|Lady Godiva @John, I understand this as well. As a linguistics major and an activist (civil rights rather than one particular minority), I reject sloppy language/false comparisons. One can express one’s deep revulsion for individual feminists without comparing them to fascists. The term “feminazi” insults not just the feminists described but also the memory of all those who perished at the hands of the Nazis.Yesterday at 7:16am · Like|
|John Doe I agree it is an insult to the feminists- it’s designed to be an insult. It isn’t necessarily an insult to victims of the Nazi’s because “nazi” has more than one meaning in our culture (and the divergence of meanings is organic and natural to language, not “sloppy” usage). One of the meanings is now simply “fascistic”.This newer, more generalized meaning is recorded in the dictionaries now as well, see http://dictionary.reference.com/browse/nazi3. Sometimes Offensive. a person who is fanatically dedicated to or seeks to control a specified activity, practice, etc.: a jazz nazi who disdains other forms of music; tobacco nazis trying to ban smoking.Yesterday at 10:05am · Like|
|John Doe I rather like using the word nazi in this sense, not the word “feminazi” which I never used but the more common terms like “grammar nazi”, which people immediately understand and, so far as I can tell, have not instantly devolved into fury over the way you seem to prescribe we should.I used to live in Germany and sometimes told my German girlfriend “stop being such a nazi” when she sounded demanding. I thought it was funny, and she, a freakin’ German, did too. The fact that I had personally visited Auschwitz with her changed none of this. It’s OK to relax sometimes. Every moment doesn’t have to be a desperate political battle. Every word doesn’t have to be a weapon.Yesterday at 1:31pm · Like|
|Lady Godiva It is more than OK to relax sometimes. Every word isn’t a weapon. The word “nazi” is a weapon. It is acceptable only when discussing history, political theory, or current events in fascism. You don’t want to argue sociolinguistics or moral relativism with me, bro.Yesterday at 2:19pm · Like|
|John Doe I’m not afraid.Yesterday at 2:23pm · Like|
|Emmy LazarusCute Auschwitz story, bro.Yesterday at 2:32pm · Like|
|Emmy Lazarus lol @ the “yo the germans are cool with it” line of reasoning.Yesterday at 2:34pm · Like|
|Lady Godiva: T2wished to be tagged.Yesterday at 3:05pm · Like|
|Queen ChristinaI think the point is that ‘Nazi’ is still an incredibly loaded term, and should be used to make a point that is actually related to Nazis rather than just whatever we happen to dislike. Otherwise, we are making sloppy use of language. Even if language changes organically such that it can be used in such terms as ‘grammar nazi’ that is still world apart from the actual, non-joking, demonization of feminism as a whole.I think there’s plenty of room for agreement here. John, after all the work that we atheists do to stop people from comparing us to Hitler and Nazis, and also stop them from using arguments that rely only on people they know personally, don’t you think it’s reasonable to expect you to apply that similarly to other issues? If feminism is at all important to you as atheism, it seems like you can give the same respect that you’d wish religious to give us.Yesterday at 3:17pm · Unlike · 1 Person|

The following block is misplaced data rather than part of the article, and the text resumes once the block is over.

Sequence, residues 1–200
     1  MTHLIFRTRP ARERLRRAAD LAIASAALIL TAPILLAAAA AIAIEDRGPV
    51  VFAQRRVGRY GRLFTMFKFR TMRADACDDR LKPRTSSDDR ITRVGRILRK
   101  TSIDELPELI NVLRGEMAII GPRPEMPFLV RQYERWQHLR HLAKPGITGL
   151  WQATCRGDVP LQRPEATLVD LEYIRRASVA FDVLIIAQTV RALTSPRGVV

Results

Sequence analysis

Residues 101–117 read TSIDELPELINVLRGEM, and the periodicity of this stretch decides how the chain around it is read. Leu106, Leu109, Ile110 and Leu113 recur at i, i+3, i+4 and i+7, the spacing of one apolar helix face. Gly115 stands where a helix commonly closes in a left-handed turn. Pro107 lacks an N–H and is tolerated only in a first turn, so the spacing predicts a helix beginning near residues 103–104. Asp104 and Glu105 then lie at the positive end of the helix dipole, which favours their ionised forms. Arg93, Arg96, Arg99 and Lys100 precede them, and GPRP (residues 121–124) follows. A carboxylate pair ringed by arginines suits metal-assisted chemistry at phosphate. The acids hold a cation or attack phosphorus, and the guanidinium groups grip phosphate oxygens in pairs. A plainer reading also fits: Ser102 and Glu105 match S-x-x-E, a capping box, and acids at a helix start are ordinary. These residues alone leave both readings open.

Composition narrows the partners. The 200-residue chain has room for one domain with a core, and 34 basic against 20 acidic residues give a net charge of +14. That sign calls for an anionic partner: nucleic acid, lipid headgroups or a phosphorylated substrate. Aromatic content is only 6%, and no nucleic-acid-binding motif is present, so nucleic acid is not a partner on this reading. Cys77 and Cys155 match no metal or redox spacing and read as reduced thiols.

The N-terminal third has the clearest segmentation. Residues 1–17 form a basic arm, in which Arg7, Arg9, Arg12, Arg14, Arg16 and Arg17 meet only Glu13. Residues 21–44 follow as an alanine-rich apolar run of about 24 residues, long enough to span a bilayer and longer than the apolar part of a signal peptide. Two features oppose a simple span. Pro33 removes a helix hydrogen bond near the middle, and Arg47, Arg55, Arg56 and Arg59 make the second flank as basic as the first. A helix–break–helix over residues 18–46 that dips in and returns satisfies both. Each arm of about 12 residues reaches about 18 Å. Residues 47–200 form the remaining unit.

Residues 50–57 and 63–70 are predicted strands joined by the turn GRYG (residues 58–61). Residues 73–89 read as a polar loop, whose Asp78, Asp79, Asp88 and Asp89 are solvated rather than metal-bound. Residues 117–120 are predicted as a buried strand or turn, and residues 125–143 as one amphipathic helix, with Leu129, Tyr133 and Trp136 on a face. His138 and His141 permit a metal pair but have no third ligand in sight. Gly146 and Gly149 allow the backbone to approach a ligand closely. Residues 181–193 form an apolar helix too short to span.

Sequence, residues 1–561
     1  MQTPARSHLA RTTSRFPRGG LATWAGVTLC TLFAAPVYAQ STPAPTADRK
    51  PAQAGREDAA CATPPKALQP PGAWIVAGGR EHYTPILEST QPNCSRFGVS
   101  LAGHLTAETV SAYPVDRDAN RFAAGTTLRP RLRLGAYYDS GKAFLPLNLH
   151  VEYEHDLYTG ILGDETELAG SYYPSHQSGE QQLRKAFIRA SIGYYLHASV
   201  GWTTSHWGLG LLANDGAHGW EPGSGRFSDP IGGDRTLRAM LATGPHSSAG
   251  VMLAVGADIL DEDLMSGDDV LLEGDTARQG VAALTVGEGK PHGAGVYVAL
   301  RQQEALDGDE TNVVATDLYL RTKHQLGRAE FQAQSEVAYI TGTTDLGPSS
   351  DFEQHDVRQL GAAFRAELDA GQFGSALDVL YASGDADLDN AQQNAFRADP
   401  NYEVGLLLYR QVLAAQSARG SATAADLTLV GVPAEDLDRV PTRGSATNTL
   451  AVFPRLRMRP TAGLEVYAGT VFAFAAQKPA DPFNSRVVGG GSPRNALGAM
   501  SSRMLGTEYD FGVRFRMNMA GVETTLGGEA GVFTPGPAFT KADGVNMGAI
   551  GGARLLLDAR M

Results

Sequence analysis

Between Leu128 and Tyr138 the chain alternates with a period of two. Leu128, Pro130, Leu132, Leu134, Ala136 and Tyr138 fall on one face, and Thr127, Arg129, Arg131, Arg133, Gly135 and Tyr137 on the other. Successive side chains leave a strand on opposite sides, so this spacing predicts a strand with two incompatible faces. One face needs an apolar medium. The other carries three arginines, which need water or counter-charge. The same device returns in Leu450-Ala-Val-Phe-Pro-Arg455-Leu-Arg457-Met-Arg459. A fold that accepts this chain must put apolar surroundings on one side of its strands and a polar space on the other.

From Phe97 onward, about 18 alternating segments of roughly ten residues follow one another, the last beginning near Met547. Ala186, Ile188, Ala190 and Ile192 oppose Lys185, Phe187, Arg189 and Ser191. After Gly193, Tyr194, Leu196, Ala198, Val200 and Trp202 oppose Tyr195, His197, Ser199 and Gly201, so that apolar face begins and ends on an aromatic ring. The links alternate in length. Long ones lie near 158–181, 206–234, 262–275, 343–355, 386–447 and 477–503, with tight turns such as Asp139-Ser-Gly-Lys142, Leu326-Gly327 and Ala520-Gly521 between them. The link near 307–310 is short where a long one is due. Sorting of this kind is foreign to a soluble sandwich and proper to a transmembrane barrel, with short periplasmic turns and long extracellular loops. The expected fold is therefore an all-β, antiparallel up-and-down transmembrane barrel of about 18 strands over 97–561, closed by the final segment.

|John Doe ” such terms as ‘grammar nazi’ that is still world apart from the actual, non-joking, demonization of feminism as a whole.”Here we disagree. If using “grammar nazi” is understood not to impugn all of “grammar” (clearly, it isn’t), then feminazi can’t be interpreted as *necessarily* impugning an entire movement. I see no justification for that.”If feminism is at all important to you as atheism, it seems like you can give the same respect that you’d wish religious to give us.”Indeed I do care. It’s because I respect it that I want to avoid it being misconstrued as a humorless, inviolable, sacred cow which can bear no unsavory criticism. If people can use nazi as a descriptor in common interactions without becoming pariahs, then we have to permit its usage here, too, even if we disagree with the comparison. If we don’t, then we might be hypocrites, or appear to want the same sacrosanct protection we deride in theological demagogues.
Yesterday at 4:00pm · Like
Respectful comments are always appreciated, no matter how short or long. I can’t promise a fast response, and if I think I’ve already addressed your point, I probably won’t repeat myself. Other people can do that for me, though! 😉